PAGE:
Award Honorees

The conference will close with our Annual Awards Reception at 6:00 PM on Thursday, June 9th.

This year we are pleased to honor John Springer and Robin Greene-Toler with the Sol Hoffman Award, which is given for service to the Keystone Research Center and to the labor movement. It is named in honor of Sol Hoffman, one of the founders of KRC and a life-long labor leader.

urlJohn Springer, former Executive Director, PSEA. In his 36-plus years at PSEA, Springer was part of almost every one of the Association’s major initiatives, helping PSEA grow to become the most powerful force for public education policy in Pennsylvania and the standard by which other NEA state affiliates are judged. He currently serves as Senior Director, Center for Business Operations, NEA.

IMG_1285Robin Greene-Toler, former KRC Board President. Robin graduated from West Chester University with a degree in Political Science/History with a concentration in Public Administration and Racial and Ethnic Understanding. She began her career as a multi-line, multi-state adjuster, becoming a Workers Compensation Supervisor and later, Labor Relations Specialist, whose clients included the School District of Philadelphia and the Philadelphia Gas Works. Robin was the owner and CEO of The Manager’s Choice, a human resource and risk-management consulting firm, Vice President of Operations, Mid-Atlantic Region, at Alliant insurance Services, Inc., where she developed workers’ compensation and risk management training programs for clients, and Regional Sales Director of One Call Care Management. Robin is active in politics and the community, serving as Board Secretary for Planned Parenthood Southeastern, PA, as a Board member of the Montgomery County Workforce Investment Board, as a member of the PA Labor and Industry Workers Compensation annual conference steering committee, and sponsoring the Bandits Baseball Club to four national championships.

Barney Oursler, Executive Director, Pittsburgh United, will receive the Keystone Research Center Susan C. Eaton Award, which recognizes individuals whose contribution as researchers, unionists, or other social change agents expresses the same moral constancy and practical idealism exemplified by Susan. In giving this award, KRC aims both to recognize the winners and to encourage others in the progressive community to strive in their own way to meet this standard. Barney assumed the leadership of Pittsburgh United in 2007 drawing on decades of experience organizing and winning economic justice initiatives and campaigns.  His start began in the late 1960’s, organizing for student power in high school and college, as well as coordinating opposition to the Vietnam War. While in graduate school he led a 3 year staff union recognition campaign. Barney became a local union officer at United Steelworkers Union Local 2227 and organized in the ‘Steelworkers Fight Back’ movement in the 1970’s. He helped found the Mon Valley Unemployed Committee (MVUC) in the early 1980s which effectively mobilized thousands of workers to pass state and federal legislation over the next 25 years. As co-director of the MVUC he helped pass the only state law protecting unemployed people from mortgage foreclosure in the country and shaped Federal laws for trade-impacted workers.  After building a statewide organization responding to Klan and Neo-Nazi activity in the state, Barney was a leader of a four-year Living Wage campaign for the Alliance for Progressive Action (local Jobs With Justice chapter).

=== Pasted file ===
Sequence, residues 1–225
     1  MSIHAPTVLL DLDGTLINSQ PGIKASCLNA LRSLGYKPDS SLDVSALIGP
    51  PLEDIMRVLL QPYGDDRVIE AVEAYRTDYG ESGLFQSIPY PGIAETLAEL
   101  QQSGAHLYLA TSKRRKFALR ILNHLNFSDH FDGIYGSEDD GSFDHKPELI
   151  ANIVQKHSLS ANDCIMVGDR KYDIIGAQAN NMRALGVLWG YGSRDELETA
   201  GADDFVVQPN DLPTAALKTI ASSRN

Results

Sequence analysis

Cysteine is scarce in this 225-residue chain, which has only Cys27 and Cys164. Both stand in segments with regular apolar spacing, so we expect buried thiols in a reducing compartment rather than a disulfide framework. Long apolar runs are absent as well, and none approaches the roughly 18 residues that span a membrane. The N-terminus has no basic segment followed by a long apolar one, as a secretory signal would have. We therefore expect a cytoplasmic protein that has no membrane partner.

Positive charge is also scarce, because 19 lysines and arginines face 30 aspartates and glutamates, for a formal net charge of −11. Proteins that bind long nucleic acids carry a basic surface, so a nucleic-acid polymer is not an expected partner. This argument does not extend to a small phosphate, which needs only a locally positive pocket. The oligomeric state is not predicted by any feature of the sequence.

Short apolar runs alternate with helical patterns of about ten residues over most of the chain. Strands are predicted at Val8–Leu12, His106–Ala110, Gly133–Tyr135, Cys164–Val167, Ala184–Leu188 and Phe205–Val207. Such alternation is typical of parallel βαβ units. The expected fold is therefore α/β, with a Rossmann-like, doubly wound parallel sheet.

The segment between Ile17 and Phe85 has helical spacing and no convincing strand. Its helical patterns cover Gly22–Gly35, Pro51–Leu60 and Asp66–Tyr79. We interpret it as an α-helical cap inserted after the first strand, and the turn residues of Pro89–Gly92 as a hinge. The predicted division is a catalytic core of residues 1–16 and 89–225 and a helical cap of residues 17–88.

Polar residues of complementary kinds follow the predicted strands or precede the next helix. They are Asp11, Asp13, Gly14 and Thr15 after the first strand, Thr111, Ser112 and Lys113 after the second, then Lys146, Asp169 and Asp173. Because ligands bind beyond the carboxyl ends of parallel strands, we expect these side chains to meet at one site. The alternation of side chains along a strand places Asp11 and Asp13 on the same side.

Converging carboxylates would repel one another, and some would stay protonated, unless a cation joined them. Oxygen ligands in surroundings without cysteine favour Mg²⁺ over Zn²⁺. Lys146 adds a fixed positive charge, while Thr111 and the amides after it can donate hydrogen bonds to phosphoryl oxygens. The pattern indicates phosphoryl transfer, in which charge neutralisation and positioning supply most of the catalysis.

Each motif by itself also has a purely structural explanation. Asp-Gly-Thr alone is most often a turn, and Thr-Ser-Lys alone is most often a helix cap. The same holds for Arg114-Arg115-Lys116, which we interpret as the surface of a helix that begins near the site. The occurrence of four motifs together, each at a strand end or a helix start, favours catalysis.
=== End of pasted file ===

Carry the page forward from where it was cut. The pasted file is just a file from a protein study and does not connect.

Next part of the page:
banner50yearsCommunity Action Committee of the Lehigh Valley will receive KRC’s Citizen Activist Award, which honors  the accomplishments of Pennsylvania’s community leaders and advocates. From Arab Spring to the Wisconsin protests and the Occupy movement, the last few years have reminded us that progressive social and political change depend on daily work of citizen activists who speak truth to power. By recognizing Pennsylvanians who take time out of their busy lives to work for public policies that serve the people of the state, KRC hopes to encourage more civic activism.

The Community Action Committee of the Lehigh Valley (CACLV) was created in 1965 to work with and for the low-income residents of the Lehigh Valley in order to overcome poverty.  A national program, Community Action was designed to offer “maximum feasible participation” to all whose lives would be touched by its activities.  CACLV is, first and foremost, an advocacy organization, raising the issues that challenge lower-income people and their neighborhoods, making sure people in positions to solve those problems are aware of them, and bringing the many stakeholders together to seek a solution. 

The mission of CACLV is to improve the quality of life by building a community in which all people have access to economic opportunity, the ability to pursue that opportunity, and a voice in the decisions that affect their lives. This is achieved through programs including Community Action Development Corporation of Allentown, Community Action Development Corporation of Bethlehem, Community Action Financial Services, Weatherization, Lehigh Valley Community Land Trust, Renew Lehigh Valley, Rising Tide Community Loan Fund, Second Harvest Food Bank, Sixth Street Shelter, West Ward Neighborhood Partnership, WorkReady, and On Track.